Notre Dame women's basketball: McBride lauded for her efforts

South Bend Tribune

Through November, through December, through January, the Notre Dame women’s basketball team racked up victories.

Through that same stretch, no Irish players picked up Player of the Week honors.

After Notre Dame’s Kayla McBride averaged 20.3 points, 5.3 rebounds and 3.0 assists in taking down No. 8 Maryland and No. 3 Duke on the road, and Virginia Tech at home, the 5-foot-11 senior guard couldn’t be ignored.

McBride was named the espnW National Player of the Week and the ACC Player of the Week. She was 21-of-35 (60 percent) shooting in leading the No. 2 Irish to three league wins last week.

“We haven’t had a player of the week until this week, the first of February,” said Irish coach Muffet McGraw. “We joke about it, but we really don’t care about individual awards. We have great balance. Every game, it’s somebody different, and that’s fine with us.

“The award for Kayla is so well deserved. She has played so consistently well all season. It’s great that she’s been honored with these accolades.”

Against Duke, McBride scored 23 points and had 11 rebounds for her first double-double of the season. She also had five assists in helping the Irish hand Duke its first home-court ACC loss in 42 games.

McBride scored 20 points (on 7-of-11 shooting) against Maryland and connected on a deep jumper with 11 seconds left to seal the Irish victory. She scored 18 points in Thursday’s win against Virginia Tech.

For the season, McBride is averaging 17.1 points.

“Kayla has really stepped it up this season,” McGraw said. “Last year, she made a lot of big shots in big games, and has always played well in the big games. This year, she’s just doing it so consistently. Her leadership has really grown. The team respects and listens to her. She’s a great leader by example.”

“She has ice water in her veins. She’s a competitor. She loves a challenge. She loves to compete in big games and play against the other great players.”

According to McGraw, McBride’s ball-handling and passing have made a big difference in Notre Dame starting the season 21-0 (8-0 ACC).

“Kayla was somebody that we looked at in the off-season and wondered, ‘Could she play some point when (starting point guard Lindsay Allen) went out. We have a freshman point guard, is there a time when we want somebody else with the ball in their hands at times.’ We wondered if she could improve her ball-handling to the level that she could play the point, and she really did. She’s very comfortable there.

“She’s gotten in a lot of minutes at the point. She’s handling the ball with confidence. She’s making good passes and good decisions, and it hasn’t affected her scoring.”

McBride and the Irish will be back on the court Thursday when they play at Florida State. Tip-off is set for 7 p.m. EST.

Defensive gem

Notre Dame limited Duke to a season-low 39.1 shooting (25-of-64), in beating the Blue Devils 88-67 on Sunday. Duke entered the game second in the nation in shooting (.511).

For comparison, Duke was 41.5 percent (27-of-65) in its 83-61 loss to No. 1 Connecticut on Dec. 17.

“They play hard, play really aggressive, and there’s no lull in it,” Duke’s Tricia Liston said of the Notre Dame defense. “They always have that constant pressure, and are really physical on defense. They are pretty good on the defensive side.”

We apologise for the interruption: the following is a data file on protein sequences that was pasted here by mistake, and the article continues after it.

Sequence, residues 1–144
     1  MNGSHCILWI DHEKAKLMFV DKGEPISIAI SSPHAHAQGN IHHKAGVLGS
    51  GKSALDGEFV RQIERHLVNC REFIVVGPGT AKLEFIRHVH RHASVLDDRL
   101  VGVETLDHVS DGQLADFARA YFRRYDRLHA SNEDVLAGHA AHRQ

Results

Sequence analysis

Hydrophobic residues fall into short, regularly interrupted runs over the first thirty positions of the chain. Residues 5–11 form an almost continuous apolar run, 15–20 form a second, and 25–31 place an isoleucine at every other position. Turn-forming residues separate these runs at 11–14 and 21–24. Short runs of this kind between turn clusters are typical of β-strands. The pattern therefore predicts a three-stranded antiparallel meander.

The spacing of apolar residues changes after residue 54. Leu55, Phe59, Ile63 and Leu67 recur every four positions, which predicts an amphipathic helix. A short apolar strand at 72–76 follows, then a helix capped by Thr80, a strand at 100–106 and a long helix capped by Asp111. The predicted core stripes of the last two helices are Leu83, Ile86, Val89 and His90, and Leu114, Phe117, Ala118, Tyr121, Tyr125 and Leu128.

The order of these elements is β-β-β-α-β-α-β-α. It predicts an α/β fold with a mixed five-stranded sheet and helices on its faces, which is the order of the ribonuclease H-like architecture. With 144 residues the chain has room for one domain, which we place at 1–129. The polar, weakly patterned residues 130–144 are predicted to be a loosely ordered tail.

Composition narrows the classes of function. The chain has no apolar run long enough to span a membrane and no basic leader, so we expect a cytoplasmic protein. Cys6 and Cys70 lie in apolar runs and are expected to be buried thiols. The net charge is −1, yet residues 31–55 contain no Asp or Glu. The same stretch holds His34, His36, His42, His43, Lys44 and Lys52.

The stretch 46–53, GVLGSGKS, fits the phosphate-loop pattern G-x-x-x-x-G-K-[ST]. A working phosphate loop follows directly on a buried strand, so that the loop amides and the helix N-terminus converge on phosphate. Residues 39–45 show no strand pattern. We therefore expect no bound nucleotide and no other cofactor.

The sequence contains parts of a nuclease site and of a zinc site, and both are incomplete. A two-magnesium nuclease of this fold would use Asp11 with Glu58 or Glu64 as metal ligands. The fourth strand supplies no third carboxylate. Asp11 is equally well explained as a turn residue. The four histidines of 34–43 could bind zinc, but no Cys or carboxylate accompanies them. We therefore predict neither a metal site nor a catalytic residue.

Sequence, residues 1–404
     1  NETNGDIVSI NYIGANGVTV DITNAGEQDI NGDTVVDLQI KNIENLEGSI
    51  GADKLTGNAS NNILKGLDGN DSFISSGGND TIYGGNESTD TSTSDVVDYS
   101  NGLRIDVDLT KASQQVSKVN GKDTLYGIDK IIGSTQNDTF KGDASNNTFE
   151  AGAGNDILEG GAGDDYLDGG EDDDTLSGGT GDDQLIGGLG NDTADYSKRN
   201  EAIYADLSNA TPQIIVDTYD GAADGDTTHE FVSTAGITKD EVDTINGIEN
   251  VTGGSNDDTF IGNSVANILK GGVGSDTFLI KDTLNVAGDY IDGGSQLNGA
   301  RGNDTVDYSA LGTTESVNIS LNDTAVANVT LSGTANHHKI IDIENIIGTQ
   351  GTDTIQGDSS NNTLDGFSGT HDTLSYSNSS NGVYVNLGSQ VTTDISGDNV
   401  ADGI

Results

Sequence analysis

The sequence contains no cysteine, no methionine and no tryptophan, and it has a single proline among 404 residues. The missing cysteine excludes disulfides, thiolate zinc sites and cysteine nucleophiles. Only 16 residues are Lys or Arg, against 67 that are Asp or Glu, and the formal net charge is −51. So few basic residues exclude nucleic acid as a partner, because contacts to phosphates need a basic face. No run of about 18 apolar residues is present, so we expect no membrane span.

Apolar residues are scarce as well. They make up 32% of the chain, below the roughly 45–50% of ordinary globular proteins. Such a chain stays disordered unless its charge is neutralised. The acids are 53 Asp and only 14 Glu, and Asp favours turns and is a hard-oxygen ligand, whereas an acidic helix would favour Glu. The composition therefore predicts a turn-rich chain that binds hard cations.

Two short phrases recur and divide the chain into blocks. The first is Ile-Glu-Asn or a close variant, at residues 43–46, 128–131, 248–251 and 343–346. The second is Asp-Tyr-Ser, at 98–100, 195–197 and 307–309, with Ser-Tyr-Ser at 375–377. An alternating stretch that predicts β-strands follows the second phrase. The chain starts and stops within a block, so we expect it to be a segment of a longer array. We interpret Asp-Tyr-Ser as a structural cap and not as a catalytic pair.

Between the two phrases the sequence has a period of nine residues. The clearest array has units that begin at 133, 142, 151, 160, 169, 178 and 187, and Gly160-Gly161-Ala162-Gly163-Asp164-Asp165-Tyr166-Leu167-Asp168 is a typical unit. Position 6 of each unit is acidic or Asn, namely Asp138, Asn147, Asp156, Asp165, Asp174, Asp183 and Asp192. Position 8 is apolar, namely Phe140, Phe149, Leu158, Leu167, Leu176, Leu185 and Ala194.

Lockdown in the lane

Natalie Achonwa’s effort on Duke center Elizabeth Williams spearheaded the Irish defensive effort.

Williams, a 6-3 junior, entered Sunday’s game averaging 14.2 points. She was limited to two points on 0-of-4 shooting and 2-of-4 free throws.

“I thought Natalie Achonwa did a phenomenal job on (Williams),” McGraw said. “(Achonwa) kept her from getting the ball early, kept her off the glass, and then we were able to go at her and try to get a couple fouls, and she got two, so I was really pleased.”

Board battle

Early in the game, Notre Dame was outscored 8-1 in second-chance points. But the Irish turned things around and ended up outrebounding Duke, 41-30.

“It’s just effort on the boards, just the block out, that is all it is, and we just weren’t doing it in the first half,” McGraw said. “They had 10 offensive rebounds at halftime and we talked about that. It was probably the most disappointing stat on the sheet. I thought we got a little better, but still they had a flurry at times where they would get two or three in a row. That’s disappointing.”

Bench production

Irish post Markisha Wright had a phenomenal possession in which she rebounded three Irish misses, and on the third powered to the hoop for a putback. The physical play highlighted a powerful performance by the Irish bench, which outscored Duke, 27-12.

“(Wright) gives a great spark, she came in and got two offensive rebounds back to back and she kicked it out, and then was finally able to finish on her own, so I was pleased with her,” McGraw said. “I thought Taya (Reimer) did a nice job off the bench. The bench really was ready. (Michaela Mabrey) ... hit the 3 and then the shot fake, one-dribble pull-up. I thought those two baskets were really big for us, and she has been doing that for us all year long.”

Finding the 3

In her last two games, Notre Dame’s Jewell Loyd is 4-of-7 from 3-point range. In the eight previous games, she was 5-of-17.

Before last week, Loyd had hit multiple 3s only two other times (against Michigan State and Central Michigan).

“I haven’t been really shooting well this year, but if you’re a shooter, you have to let it fly,” Loyd said. “I just try to let my defense lead to my offense. I’m not sure why I haven’t been shooting the 3, but I think I’m playing well. I’m scoring different ways. That always helps.”

Notre Dame’s Taya Reimer, left, and Jewell Loyd react following a 3-pointer by Loyd against Duke on Sunday. (AP Photo/GERRY BROOME)